Long-term clinical and cost outcomes of treatment with biphasic insulin aspart 30/70 versus insulin glargine in insulin naive type 2 diabetes patients: cost-effectiveness analysis in the UK setting
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Valentine, WJ and Palmer, AJ and Lammert, M and Nicklasson, L and Foos, V and Roze, S, Long-term clinical and cost outcomes of treatment with biphasic insulin aspart 30/70 versus insulin glargine in insulin naive type 2 diabetes patients: cost-effectiveness analysis in the UK setting, Current Medical Research and Opinion, 21, (12) pp. 2063-2071. ISSN 0300-7995 (2005) [Refereed Article]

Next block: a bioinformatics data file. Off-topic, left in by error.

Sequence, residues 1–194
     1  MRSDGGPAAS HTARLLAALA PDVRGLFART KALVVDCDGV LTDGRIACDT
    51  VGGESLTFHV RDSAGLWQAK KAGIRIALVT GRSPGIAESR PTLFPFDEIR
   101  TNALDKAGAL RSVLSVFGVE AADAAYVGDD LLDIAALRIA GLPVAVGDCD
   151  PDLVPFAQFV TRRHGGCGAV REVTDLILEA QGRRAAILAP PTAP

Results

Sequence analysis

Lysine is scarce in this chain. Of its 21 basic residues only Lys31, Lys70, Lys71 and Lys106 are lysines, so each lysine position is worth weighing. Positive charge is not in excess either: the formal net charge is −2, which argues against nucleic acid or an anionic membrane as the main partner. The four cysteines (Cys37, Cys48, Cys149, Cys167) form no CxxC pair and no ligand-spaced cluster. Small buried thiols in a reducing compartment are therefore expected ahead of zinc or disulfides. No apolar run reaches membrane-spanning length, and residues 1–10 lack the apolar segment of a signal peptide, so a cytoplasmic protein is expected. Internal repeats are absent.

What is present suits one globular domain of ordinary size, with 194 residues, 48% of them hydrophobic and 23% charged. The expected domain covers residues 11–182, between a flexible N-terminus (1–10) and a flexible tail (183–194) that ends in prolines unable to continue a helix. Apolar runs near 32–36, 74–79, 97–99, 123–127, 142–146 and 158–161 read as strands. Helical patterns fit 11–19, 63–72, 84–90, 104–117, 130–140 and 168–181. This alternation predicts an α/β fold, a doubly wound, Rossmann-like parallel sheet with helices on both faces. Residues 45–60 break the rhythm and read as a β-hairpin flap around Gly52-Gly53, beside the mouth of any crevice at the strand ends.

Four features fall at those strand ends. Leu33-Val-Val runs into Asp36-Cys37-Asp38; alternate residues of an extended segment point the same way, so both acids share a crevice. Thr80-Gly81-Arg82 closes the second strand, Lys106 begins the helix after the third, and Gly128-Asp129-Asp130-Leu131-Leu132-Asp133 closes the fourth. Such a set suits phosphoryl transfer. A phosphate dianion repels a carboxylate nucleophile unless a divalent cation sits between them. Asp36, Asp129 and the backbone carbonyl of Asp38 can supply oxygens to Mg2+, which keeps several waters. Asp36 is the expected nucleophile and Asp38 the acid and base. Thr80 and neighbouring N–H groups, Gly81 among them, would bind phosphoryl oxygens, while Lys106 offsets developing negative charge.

Objectives: To evaluate the long-term clinical and cost outcomes associated with biphasic insulin aspart 30/70 (BIAsp 30/70, premixed 30% soluble and 70% protaminated insulin aspart in one injection) compared to insulin glargine treatment in insulin-naïve type 2 diabetes patients failing oral antidiabetic agents in the UK, based on findings recently reported from the INITIATE clinical trial. Methods: The CORE Diabetes Model, a published, peer-reviewed and validated model of diabetes, was used to evaluate life expectancy, quality-adjusted life expectancy, cumulative incidence of complications and direct medical costs over patient lifetimes. The model simulates the range of diabetic complications and disease progression within a series of submodels (cardiovascular disease, neuropathy, renal and eye disease) based on published data. Baseline cohort characteristics (54.5% male, mean age 52.45 years, mean diabetes duration 9 years, mean HbA1c 9.77%) and treatment effects were based on INITIATE. Costs were derived from published UK sources. The analysis was run over a 35-year time horizon (patient lifetime) from a third party payer perspective. Costs and clinical benefits were discounted at 3.5% per annum. Sensitivity analyses were performed. Results: BIAsp 30/70 was associated with projected improvements in discounted life expectancy (0.19 ± 0.20 years) and quality-adjusted life expectancy (0.19 ± 0.14 quality-adjusted life years [QALYs]), as well as a reduced incidence of retinopathy and nephropathy complications, versus glargine. Total lifetime direct costs were £1319 higher with BIAsp 30/70 than with glargine leading to an incremental cost-effectiveness ratio of £6951 per QALY gained. Conclusions: This study is the first to address the long-term health economic implications of treating type 2 diabetes patients failing oral anti-diabetics with a biphasic insulin mix versus long-acting insulin. Our projections indicate that improved HbA1c levels with BIAsp 30/70 treatment are associated with improvements in life expectancy and quality-adjusted life expectancy, and that BIAsp 30/70 represents excellent value for money compared to insulin glargine in the UK. © 2005 Librapharm Limited.
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